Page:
Actually Sad Toys is a collection of tanka, which also includes 'A Dialogue between an Egoist and a Friend' and an essay 'Various Poems'. Not a novel.

Rebecca Silverman wrote:
...Tarai...

Perhaps you mean Hirai Tarō?
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Princess_Irene



Joined: 16 Dec 2008
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Location: The castle beyond the Goblin City
PostPosted: Tue Jun 30, 2020 7:47 pm Reply with quote
My bad, I used the wrong word; I should have called it a collection, not a novel. And yes, my brain and hands had a...difference of opinion on writing Hirai Taro! Embarassed Ah, I love how my brain (doesn't) function...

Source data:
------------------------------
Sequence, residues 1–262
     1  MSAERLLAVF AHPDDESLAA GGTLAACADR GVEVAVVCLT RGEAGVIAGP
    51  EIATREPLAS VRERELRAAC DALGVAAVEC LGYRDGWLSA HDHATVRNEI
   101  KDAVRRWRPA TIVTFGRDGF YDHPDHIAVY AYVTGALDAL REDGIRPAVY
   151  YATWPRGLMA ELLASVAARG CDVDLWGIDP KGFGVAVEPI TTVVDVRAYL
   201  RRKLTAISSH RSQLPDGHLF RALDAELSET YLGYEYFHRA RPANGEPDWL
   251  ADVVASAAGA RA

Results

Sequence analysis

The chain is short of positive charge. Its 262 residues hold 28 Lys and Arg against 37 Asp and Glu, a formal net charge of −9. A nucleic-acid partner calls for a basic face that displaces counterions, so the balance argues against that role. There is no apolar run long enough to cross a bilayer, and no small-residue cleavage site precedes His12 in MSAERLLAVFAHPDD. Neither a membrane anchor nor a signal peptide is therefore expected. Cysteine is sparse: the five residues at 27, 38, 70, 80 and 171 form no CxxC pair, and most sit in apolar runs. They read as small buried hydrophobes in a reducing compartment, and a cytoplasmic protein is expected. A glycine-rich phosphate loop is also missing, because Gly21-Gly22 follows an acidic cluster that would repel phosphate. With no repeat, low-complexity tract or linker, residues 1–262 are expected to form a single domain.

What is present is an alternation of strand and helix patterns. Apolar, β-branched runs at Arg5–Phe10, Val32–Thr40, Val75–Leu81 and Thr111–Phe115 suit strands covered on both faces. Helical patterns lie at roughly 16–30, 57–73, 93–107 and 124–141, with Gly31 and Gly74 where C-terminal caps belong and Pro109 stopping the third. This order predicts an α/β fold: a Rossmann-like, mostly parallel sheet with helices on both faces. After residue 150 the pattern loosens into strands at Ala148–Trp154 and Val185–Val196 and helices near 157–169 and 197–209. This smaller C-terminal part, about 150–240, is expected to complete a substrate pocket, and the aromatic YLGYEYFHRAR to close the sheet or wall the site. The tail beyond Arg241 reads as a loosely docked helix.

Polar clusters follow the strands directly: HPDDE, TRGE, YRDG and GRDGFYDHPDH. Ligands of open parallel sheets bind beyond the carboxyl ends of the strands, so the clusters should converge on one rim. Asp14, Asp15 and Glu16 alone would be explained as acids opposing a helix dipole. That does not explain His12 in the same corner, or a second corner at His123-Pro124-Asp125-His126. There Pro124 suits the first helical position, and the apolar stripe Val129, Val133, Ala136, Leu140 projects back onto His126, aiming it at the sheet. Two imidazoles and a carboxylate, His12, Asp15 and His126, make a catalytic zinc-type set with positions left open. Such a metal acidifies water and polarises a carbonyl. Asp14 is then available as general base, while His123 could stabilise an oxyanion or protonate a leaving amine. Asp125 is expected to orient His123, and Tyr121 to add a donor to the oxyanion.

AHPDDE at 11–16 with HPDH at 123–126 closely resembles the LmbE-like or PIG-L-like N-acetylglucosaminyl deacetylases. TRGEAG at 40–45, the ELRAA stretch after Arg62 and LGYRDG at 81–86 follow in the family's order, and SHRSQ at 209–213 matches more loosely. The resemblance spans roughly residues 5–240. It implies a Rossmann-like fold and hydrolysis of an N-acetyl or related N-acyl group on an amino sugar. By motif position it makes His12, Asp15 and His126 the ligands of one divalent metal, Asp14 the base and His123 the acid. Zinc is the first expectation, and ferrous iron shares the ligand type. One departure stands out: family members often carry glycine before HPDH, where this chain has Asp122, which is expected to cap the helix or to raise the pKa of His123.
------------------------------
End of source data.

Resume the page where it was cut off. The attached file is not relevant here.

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Gina Szanboti



Joined: 03 Aug 2008
Posts: 8913
PostPosted: Tue Jun 30, 2020 9:11 pm Reply with quote
Quote:
The story appears to begin and end in 1912, the year that Ishikawa's novel Sad Toys was published

The first episode explicitly says it's ten years after Ishikawa died. So I have to assume it just took Kindaichi a decade to return to the boarding house and he brought a copy with him, rather than his returning immediately after publication as a sort of celebration of its being newly published.

I was pretty satisfied with the finale. It wrapped up most things pretty well, and seemed to accomplish what it set out to do.

@ blameitonStarBlazers: I never knew you could select other languages in the cc tab! I'm not sure it gave me enough sensible phrases to really get the gist of anything, but it did let me get to where they whipped out those lovely promo posters, which I somehow skipped over before. Do want.